View to the Old Town Warsaw
25 May 2015 | From Dorota of Poland
I received this postcard swap request from Dorota - who previously goes by the nickname of Neo, and now calls herself Mairon (which I would always misspell as Marion). She's such an unusual, introverted person in an interesting kind of way. Wherever you are Mairon, in case you are able to read this, I wish that you are well and always happy and loved.
The Warsaw Old Town, and collectively with the New Town, known colloquially as Starówka, is the oldest part of the capital city. It is bounded by the Wybrzeże Gdańskie, along with the bank of Vistula river, Grodzka, Mostowa and Podwale Streets. It is one of the most prominent tourist attractions in Warsaw.
The Old Town was established in the 13th century. Initially surrounded by an earthwork rampart, prior to 1339 it was fortified with brick city walls. The town originally grew up around the castle of the Dukes of Mazovia that later became the Royal Castle. The Market Square (Rynek Starego Miasta) was laid out sometime in the late 13th or early 14th century, along the main road linking the castle with the New Town to the north.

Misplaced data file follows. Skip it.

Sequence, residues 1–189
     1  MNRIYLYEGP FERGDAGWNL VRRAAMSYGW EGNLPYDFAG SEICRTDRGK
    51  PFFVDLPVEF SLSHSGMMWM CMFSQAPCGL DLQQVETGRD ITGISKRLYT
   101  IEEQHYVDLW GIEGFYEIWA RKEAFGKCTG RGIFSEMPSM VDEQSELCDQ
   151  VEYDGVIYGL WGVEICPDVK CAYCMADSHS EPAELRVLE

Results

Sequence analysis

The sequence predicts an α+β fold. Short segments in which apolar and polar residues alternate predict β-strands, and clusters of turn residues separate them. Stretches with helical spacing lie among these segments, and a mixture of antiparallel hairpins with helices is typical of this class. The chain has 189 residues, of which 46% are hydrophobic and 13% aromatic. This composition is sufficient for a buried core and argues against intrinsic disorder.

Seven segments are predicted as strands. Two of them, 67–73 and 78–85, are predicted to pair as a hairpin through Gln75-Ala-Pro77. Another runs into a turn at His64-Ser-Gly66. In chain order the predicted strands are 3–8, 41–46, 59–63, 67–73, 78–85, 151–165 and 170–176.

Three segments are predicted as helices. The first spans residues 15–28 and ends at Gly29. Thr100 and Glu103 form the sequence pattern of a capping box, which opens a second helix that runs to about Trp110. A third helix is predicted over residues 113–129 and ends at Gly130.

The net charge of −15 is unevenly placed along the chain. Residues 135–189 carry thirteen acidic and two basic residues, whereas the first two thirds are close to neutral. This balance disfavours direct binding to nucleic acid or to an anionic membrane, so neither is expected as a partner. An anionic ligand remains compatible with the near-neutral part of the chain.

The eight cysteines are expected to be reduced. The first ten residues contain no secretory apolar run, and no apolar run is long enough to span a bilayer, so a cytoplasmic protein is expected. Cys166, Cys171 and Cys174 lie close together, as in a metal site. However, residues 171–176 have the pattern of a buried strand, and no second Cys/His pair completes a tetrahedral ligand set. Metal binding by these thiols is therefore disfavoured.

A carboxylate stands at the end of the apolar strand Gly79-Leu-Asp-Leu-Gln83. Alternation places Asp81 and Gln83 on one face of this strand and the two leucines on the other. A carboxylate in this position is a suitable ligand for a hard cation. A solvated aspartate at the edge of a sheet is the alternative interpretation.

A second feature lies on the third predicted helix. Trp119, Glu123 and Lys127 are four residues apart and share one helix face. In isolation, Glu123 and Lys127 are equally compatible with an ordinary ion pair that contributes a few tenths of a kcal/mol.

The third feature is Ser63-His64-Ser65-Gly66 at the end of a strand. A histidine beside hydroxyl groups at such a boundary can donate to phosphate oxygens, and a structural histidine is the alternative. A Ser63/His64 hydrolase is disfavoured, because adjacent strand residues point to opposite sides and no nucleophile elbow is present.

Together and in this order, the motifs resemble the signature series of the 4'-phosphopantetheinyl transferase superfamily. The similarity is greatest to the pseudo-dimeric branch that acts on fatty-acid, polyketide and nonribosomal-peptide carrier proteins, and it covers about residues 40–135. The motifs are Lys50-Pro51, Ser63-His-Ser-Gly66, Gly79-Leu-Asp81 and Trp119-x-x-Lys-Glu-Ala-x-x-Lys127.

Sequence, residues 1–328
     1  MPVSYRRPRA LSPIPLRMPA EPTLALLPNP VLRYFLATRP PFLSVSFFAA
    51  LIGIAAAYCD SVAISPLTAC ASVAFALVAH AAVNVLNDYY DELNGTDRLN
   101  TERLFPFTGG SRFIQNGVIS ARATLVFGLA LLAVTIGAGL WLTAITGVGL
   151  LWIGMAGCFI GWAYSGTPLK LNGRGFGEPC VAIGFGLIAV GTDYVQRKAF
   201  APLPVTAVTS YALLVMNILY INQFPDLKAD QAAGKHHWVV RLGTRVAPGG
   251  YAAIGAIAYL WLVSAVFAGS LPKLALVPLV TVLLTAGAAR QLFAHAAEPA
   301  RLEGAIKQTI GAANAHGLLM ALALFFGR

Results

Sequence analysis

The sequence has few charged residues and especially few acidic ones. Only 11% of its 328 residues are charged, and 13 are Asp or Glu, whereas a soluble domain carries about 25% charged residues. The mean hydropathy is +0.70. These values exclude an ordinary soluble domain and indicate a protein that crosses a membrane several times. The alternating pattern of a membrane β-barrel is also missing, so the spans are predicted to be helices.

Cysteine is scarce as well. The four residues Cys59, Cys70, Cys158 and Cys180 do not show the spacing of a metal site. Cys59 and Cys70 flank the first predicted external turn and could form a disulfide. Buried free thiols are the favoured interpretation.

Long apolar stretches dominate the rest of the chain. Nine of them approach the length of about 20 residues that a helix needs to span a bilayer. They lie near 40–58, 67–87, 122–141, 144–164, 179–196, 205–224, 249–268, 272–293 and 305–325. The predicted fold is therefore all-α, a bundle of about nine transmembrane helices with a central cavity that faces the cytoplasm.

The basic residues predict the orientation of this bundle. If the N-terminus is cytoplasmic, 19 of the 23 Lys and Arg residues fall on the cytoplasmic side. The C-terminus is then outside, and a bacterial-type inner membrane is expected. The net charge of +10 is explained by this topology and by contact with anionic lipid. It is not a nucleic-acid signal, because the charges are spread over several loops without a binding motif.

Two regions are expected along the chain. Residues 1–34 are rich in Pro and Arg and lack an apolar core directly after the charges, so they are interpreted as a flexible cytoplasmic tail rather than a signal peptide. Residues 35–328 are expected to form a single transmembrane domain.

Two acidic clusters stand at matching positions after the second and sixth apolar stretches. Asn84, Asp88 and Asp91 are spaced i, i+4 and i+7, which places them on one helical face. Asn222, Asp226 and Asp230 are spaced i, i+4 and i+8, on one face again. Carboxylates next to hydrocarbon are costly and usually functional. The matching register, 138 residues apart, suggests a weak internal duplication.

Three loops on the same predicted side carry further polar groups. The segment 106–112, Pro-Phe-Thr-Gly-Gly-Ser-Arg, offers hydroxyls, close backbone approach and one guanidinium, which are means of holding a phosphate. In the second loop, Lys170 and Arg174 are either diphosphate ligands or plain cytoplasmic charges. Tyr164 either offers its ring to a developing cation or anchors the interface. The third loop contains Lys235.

The heart of the area is the Old Town Market Place, rich in restaurants, cafés and shops. Surrounding streets feature medieval architecture such as the city walls, the Barbican and St. John's Cathedral.